(4) You can change the statute and prosecute the guilty parties. The US Constitution has a provision banning “ex post facto” laws, which might prevent that in the US (though not obviously— here, the change would merely involve extending the statute of limitations, rather than making an action illegal that used to be legal). You have no such constraint in the U.K. You could even use a mild form of a bill of attainder— a statute to punish one person who is morally culpable but whom the courts for reason of technicalities or favoritism won’t prosecute. So go ahead and change the law, and make it retroactive.

(5) It may well be the case that some people— I do not know who exactly, but I raise this as a possibility— would like to hide behind the statute of limitations to avoid doing their duty and prosecuting this crime. If so, their dereliction should be vigorously publicized. Here is the general idea:

(6) “Mr. X admits that Mr. Y has committed a crime, and ought to be punished, but he says that unfortunately the law was drafted poorly and so punishment is not possible. I have good news for Mr. X. Parliament can change the law, and punish Mr. Y for doing what was already illegal and what Mr. Y knew was illegal but which could not be prosecuted because of a draftsman’s carelessness. I trust I have Mr X’s enthusiastic support for this bill, because I would not like to believe that he is merely hiding behind the technicality to avoid punishing a man he admits is guilty.”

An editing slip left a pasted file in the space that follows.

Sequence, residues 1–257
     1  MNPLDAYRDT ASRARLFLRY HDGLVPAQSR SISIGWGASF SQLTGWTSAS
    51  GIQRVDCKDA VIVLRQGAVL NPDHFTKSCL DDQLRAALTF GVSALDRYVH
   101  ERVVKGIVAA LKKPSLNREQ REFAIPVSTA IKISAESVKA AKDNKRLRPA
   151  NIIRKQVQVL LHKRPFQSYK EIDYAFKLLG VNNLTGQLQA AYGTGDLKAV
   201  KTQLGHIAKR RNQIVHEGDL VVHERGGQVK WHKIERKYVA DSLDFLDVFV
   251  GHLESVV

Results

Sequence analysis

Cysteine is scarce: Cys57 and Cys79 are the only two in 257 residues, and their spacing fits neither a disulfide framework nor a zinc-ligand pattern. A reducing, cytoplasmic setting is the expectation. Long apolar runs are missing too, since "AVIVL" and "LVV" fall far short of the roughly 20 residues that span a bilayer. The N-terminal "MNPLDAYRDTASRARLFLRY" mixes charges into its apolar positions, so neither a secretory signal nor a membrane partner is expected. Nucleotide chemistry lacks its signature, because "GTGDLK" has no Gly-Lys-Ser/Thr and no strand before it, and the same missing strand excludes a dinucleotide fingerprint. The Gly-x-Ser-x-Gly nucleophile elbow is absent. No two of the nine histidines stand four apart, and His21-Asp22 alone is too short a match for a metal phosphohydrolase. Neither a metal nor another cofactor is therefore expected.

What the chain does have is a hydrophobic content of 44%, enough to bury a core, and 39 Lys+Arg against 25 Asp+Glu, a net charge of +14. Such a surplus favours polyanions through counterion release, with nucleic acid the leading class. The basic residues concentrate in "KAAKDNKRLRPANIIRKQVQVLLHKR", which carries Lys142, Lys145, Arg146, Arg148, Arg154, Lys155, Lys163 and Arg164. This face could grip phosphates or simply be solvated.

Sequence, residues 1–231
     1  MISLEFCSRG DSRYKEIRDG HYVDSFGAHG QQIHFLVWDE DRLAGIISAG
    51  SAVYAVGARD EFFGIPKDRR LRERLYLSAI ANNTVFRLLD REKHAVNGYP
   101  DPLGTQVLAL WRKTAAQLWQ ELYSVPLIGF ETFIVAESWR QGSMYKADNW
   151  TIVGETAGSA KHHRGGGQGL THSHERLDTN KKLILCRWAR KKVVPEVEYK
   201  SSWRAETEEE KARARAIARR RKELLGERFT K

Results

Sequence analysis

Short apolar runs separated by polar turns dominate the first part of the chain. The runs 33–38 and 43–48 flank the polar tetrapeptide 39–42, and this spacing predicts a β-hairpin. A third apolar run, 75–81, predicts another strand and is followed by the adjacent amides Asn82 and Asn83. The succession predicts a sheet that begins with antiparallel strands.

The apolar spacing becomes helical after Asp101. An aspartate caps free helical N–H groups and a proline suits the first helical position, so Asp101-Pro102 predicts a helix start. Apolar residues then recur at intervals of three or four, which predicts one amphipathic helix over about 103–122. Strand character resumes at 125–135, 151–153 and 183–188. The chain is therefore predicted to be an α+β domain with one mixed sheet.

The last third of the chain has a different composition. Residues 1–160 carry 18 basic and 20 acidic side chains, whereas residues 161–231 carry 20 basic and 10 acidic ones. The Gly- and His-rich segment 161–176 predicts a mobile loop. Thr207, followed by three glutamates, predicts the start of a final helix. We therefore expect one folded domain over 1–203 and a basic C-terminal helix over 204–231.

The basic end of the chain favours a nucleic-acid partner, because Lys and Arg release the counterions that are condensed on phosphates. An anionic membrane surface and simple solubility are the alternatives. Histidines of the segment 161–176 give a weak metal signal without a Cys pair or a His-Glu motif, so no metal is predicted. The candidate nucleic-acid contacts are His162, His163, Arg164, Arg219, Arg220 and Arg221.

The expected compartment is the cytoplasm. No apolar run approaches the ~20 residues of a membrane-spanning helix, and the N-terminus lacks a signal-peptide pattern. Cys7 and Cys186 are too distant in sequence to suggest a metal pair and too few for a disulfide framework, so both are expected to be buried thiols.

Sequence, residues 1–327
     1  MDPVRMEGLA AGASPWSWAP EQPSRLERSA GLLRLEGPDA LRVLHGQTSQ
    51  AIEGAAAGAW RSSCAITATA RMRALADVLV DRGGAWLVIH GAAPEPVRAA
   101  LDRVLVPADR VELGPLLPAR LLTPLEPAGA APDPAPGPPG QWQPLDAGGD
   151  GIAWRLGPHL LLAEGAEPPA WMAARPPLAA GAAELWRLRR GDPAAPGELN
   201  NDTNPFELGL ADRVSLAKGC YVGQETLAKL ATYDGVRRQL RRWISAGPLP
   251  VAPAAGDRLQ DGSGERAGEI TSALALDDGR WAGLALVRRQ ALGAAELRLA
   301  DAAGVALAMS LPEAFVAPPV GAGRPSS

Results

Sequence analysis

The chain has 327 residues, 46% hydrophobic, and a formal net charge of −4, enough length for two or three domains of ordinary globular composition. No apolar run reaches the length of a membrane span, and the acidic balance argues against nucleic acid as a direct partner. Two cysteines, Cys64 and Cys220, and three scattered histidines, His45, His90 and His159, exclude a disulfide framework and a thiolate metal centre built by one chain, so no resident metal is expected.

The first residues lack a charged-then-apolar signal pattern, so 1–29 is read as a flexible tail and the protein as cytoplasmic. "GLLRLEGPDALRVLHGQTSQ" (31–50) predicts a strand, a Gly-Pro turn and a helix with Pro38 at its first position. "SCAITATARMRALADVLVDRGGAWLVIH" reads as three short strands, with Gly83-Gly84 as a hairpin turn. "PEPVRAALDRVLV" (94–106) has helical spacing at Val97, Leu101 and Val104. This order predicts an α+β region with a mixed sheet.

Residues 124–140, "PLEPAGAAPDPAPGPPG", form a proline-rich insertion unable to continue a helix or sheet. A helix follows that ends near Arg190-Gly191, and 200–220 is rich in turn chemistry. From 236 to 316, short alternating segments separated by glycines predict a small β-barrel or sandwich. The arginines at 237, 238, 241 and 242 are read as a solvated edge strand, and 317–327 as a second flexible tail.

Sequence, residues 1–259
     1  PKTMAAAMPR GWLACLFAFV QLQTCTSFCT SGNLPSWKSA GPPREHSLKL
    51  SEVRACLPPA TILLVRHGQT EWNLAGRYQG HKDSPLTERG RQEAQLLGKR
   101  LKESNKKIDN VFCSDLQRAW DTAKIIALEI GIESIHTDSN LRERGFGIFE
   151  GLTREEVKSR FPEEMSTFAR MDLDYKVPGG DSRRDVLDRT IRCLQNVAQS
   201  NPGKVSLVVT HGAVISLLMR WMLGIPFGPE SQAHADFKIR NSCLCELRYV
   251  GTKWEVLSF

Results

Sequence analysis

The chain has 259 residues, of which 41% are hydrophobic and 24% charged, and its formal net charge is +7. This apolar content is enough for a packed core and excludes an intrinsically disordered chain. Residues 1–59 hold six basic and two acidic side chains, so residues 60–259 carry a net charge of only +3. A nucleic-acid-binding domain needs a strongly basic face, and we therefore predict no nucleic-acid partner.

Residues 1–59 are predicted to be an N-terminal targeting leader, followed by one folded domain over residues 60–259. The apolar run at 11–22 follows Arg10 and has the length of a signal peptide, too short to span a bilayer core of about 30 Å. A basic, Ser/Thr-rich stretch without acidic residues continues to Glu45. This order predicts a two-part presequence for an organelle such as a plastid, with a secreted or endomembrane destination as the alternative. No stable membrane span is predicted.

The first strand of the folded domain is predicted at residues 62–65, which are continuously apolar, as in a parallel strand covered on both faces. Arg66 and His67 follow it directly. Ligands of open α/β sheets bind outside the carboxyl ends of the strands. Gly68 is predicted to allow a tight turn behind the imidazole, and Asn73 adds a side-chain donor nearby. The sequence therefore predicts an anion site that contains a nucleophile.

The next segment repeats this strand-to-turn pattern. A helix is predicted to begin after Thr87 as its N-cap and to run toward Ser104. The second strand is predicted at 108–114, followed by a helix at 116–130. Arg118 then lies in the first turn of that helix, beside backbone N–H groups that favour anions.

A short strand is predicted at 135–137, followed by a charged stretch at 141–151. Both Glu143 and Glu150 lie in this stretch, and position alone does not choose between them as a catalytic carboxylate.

(7) I am, as I said, an economist rather than lawyer, but I have written extensively on law, bureaucracy, politics, and the mathematics of strategy, and that is what I am writing about today.

(8) I will mention one other point which might be useful. The economists at the University of East Anglia are very well regarded in the economics profession. I know a number of them personally from my visit to Oxford a couple of years ago. If you need a reliable, honest, person within the University you could do worse than to search among them.